Summary:

Watch out methane producers, California has just hired Picarro. The Sunnyvale, Calif.-based startup announced Wednesday that it has been selected to provide its greenhouse gas-detecting sensor boxes to measure changes in methane emissions across the Golden State. CEO Michael Woelk told us last November that his […]

Watch out methane producers, California has just hired Picarro. The Sunnyvale, Calif.-based startup announced Wednesday that it has been selected to provide its greenhouse gas-detecting sensor boxes to measure changes in methane emissions across the Golden State.

CEO Michael Woelk told us last November that his grand vision for the company’s $50,000 gas analyzers was to have them deployed as part of vast networks to monitor changes in global carbon emissions. While this project will be limited to California, it still puts Picarro one step closer to that goal and could serve as an important validation for the startup’s technology.

California’s AB32 law requires the state to reduce key greenhouse gases by 25 percent within a decade. As part of that effort, seven Picarro devices will be placed in regions of the state where methane emissions are believed to be highest, such as landfills in Los Angeles and farm fields in the Sacramento valley, to help produce a clearer picture of those gasses generated across California. The California Air Resources Board, the state agency managing the emissions-monitoring program, reportedly spent $400,000 on the devices and software modeling to analyze the data.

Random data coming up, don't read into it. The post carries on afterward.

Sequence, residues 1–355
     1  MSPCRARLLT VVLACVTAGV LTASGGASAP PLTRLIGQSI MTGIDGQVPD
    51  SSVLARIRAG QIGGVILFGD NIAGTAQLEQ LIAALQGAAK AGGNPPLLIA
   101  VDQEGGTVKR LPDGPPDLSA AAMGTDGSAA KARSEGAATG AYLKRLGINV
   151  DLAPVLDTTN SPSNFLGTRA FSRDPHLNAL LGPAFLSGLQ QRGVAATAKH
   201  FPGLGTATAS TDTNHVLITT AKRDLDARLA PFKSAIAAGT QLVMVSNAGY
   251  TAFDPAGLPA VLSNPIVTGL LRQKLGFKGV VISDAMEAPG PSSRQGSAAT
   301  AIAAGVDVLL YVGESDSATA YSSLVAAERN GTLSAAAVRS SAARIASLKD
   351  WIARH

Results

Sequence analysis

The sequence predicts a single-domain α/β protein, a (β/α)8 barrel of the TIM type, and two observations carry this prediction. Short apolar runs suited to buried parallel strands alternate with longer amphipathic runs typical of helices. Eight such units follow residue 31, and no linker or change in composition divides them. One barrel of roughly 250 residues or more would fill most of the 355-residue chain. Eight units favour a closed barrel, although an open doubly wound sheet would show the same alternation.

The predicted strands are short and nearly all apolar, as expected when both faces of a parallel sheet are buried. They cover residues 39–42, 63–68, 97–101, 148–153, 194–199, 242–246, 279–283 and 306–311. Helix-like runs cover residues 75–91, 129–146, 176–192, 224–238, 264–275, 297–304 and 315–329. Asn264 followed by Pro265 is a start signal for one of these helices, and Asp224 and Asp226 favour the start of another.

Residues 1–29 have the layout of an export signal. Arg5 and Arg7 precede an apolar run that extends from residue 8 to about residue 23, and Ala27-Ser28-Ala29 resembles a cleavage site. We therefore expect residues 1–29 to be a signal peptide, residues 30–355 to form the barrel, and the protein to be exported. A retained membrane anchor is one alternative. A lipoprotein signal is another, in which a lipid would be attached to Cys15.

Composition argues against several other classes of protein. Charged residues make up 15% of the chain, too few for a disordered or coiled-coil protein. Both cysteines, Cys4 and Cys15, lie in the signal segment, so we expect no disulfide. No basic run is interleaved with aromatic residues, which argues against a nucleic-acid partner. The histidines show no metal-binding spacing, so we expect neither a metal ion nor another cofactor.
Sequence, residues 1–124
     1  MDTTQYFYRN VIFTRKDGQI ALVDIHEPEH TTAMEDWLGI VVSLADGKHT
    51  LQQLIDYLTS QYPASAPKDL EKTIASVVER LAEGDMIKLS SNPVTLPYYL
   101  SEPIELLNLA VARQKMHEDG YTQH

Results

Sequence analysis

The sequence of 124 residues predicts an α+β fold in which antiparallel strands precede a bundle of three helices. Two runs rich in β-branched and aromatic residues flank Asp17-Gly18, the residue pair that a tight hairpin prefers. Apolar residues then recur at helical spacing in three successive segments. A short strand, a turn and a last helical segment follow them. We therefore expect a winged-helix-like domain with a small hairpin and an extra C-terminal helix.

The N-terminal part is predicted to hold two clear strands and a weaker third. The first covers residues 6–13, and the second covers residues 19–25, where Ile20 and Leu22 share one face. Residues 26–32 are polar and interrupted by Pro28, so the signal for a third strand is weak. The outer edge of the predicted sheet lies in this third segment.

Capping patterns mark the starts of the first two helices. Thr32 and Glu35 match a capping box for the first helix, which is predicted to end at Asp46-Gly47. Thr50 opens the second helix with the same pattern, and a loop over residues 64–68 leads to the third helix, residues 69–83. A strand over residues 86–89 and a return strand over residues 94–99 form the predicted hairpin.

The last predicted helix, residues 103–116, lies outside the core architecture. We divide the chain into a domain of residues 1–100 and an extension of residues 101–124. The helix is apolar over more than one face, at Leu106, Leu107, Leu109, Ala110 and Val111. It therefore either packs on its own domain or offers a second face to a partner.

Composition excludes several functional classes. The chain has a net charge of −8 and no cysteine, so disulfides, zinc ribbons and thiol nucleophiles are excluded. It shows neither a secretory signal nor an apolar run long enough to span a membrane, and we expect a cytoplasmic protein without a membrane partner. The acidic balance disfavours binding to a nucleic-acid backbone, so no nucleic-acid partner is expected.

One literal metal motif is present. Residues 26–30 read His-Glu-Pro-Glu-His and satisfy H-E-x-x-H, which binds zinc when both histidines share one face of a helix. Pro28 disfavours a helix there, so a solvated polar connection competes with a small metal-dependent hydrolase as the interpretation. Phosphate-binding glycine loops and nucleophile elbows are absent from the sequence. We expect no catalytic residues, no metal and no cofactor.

Picarro’s gas analyzers, which are about the size of a desktop PC, fire laser beams into the air to determine concentrations of carbon dioxide, methane and other gases by measuring the changes in wavelength signals. While the technology has existed in labs for decades to make these measurements, Picarro says it’s the first to have stuffed all this measuring capability into a portable, 58-pound box of sensors that requires little maintenance.

So far Picarro’s customers are research and regulatory groups, like the California Air Resources Board and World Meteorological Organization. But the startup believes its technology will become increasingly valuable as governments look to ways to accurately measure carbon emissions, rather than relying solely on estimating them based on the amount of fuel consumed. Under programs like cap-and-trade, verifiable reductions in emissions will become a valuable asset, and Woelk said he sees a day in the near future when companies operating refineries or managing landfills will seek out technologies like Picarro’s to get an accurate measure of their emissions.

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